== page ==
The proposed project intend to assess quantitative metrics based on physiological parameters that will be incorporated into mechanistic modelling approaches to evaluate contemporary patterns of habitat occupancy in anuran amphibians of the Atlantic Forest, Brazil. Thereafter, we will use the information derived from this model to assess the vulnerability of these organisms to scenarios of future changes in climate and forecast extirpation/extinction risks. In both cases, we will propose and test mechanistic metrics derived from parameters associated with thermal and hydric relations of selected species of anurans. This is justified by the fact that, due to their ectothermy and highly permeable skin, body temperature regulation and water balance in amphibians are importantly impacted by environmental contingencies that are highly influential to their survival. Physiological information will be compiled from literature sources and from a dataset already available by the proponent. Similarly, the mapping of the distribution of temperature and hydric conditions at microscale level will rely on information available from literature sources and from a previously collected dataset. In addition, microclimate profiles will be combined with macroscale climatic surfaces databases. The main product to be expected is a robust assessment of habitat occupancy, persistence, and risk of extirpation and/or extinction, contemporary and future, firmly grounded on relevant physiological information. As a follow-up consequence and long lasting result, it is expected that a research line focused on mechanistic modelling approaches, strongly rooted in physiological parameters, be incorporated among the research competences of the proponent. In such case, there is a positive prospect of summoning the research interests from well-established groups in Brazil focused either on organismal physiology or ecological modelling, but currently with little interaction between areas. This may break ground to the exploration of new studies cases under the modern and robust approach of mechanistic modelling. In the same framework, the addition of layers of complexity - such as to account for the effects of deforestation, phenotypic plasticity, evolutionary adaptation, migration, etc - is expected to provide new exciting research opportunities under the competence to be acquired.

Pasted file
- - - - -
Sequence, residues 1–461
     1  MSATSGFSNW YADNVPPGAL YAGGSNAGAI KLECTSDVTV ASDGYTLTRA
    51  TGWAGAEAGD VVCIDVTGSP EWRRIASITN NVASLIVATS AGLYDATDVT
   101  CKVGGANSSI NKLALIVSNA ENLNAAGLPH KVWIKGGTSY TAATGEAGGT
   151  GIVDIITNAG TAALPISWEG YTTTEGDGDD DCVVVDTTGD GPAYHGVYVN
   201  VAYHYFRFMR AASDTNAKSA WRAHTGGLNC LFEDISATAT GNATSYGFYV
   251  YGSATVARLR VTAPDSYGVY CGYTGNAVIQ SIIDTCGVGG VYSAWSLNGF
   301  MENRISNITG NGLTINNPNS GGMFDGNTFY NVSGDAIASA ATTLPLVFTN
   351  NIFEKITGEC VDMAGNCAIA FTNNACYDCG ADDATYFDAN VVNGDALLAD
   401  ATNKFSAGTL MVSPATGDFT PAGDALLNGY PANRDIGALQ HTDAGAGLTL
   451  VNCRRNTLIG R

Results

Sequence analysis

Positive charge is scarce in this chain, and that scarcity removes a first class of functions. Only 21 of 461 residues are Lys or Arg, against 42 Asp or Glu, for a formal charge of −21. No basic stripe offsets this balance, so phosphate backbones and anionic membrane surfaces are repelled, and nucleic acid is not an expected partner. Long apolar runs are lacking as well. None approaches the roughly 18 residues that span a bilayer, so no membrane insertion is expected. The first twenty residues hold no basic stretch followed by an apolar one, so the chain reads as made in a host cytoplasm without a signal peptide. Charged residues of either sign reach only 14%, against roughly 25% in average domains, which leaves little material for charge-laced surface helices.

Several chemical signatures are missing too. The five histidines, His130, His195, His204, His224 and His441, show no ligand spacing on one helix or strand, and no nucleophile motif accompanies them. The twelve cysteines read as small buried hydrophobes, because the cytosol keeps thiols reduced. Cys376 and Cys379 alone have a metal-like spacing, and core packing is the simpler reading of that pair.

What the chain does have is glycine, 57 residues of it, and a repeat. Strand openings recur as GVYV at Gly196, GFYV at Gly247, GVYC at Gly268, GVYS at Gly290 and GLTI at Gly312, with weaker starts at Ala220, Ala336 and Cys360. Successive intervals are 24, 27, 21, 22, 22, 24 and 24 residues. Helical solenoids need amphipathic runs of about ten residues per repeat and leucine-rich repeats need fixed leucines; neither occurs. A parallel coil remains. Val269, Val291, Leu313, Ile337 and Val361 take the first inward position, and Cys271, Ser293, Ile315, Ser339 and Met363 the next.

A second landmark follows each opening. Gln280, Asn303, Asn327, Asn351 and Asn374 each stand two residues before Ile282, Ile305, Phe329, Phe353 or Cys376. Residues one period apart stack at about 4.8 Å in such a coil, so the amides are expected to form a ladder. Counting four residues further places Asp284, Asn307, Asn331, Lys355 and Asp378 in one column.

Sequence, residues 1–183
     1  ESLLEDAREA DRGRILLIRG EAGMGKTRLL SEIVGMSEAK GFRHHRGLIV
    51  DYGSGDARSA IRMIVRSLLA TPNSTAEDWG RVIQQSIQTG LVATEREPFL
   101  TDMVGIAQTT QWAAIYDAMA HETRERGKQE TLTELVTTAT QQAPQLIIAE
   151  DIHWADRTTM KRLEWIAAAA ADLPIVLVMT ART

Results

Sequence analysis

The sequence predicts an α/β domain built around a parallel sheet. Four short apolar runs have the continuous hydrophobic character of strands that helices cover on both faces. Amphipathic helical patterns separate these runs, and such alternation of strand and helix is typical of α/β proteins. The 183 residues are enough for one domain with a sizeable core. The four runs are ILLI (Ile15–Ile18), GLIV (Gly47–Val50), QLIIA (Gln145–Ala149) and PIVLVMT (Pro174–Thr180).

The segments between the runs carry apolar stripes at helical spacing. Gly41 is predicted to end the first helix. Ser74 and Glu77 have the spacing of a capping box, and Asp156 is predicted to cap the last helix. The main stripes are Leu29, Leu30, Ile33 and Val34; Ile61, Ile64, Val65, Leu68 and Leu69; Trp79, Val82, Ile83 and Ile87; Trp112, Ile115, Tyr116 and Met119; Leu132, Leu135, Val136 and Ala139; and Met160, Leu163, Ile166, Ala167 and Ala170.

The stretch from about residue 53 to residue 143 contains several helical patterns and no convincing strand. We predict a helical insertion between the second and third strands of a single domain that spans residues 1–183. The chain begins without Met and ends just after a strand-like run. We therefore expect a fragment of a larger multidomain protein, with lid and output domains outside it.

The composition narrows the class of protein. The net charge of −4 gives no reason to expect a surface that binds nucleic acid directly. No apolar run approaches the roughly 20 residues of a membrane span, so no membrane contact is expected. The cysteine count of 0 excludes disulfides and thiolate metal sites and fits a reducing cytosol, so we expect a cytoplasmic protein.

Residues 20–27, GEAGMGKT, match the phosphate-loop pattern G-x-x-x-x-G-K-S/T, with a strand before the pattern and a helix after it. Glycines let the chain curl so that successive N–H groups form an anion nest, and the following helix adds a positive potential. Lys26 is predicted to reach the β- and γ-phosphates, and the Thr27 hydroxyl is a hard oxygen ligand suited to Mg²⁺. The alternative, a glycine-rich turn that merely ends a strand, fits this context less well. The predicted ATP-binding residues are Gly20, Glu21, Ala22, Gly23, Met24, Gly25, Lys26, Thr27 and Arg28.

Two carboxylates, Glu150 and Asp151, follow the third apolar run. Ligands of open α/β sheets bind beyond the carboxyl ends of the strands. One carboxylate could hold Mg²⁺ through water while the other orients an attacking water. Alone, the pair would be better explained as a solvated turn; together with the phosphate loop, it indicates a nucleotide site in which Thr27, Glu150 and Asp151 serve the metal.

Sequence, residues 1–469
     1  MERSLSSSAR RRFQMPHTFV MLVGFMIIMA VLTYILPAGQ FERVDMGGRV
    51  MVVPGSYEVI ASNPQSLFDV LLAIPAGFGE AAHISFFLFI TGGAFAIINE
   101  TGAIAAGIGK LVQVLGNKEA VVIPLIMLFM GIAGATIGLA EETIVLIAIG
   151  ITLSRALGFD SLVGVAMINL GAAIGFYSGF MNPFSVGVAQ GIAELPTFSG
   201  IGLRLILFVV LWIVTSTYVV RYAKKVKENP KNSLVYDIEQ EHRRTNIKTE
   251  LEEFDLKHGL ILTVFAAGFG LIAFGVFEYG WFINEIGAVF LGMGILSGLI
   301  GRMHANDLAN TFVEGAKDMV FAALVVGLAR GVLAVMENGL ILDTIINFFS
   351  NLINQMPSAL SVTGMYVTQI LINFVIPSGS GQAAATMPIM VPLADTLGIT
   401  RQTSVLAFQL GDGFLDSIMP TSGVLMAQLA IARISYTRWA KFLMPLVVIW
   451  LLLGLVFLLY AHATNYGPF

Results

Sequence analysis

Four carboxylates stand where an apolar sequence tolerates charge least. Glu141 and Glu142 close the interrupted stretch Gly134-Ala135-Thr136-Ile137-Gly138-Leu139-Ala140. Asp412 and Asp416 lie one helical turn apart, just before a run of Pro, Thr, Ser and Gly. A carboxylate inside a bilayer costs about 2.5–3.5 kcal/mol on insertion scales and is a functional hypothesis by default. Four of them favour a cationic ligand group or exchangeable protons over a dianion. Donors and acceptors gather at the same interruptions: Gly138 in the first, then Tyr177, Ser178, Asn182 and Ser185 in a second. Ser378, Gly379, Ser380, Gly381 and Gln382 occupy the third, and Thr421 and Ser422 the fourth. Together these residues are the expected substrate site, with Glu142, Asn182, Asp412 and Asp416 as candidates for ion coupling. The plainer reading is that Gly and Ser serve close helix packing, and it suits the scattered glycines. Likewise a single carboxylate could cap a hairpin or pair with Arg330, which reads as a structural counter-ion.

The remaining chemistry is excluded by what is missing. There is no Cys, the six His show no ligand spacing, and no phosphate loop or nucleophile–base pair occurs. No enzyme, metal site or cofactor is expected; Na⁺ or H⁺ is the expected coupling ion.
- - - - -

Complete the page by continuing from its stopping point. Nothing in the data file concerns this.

News published in Agência FAPESP Newsletter about the scholarship: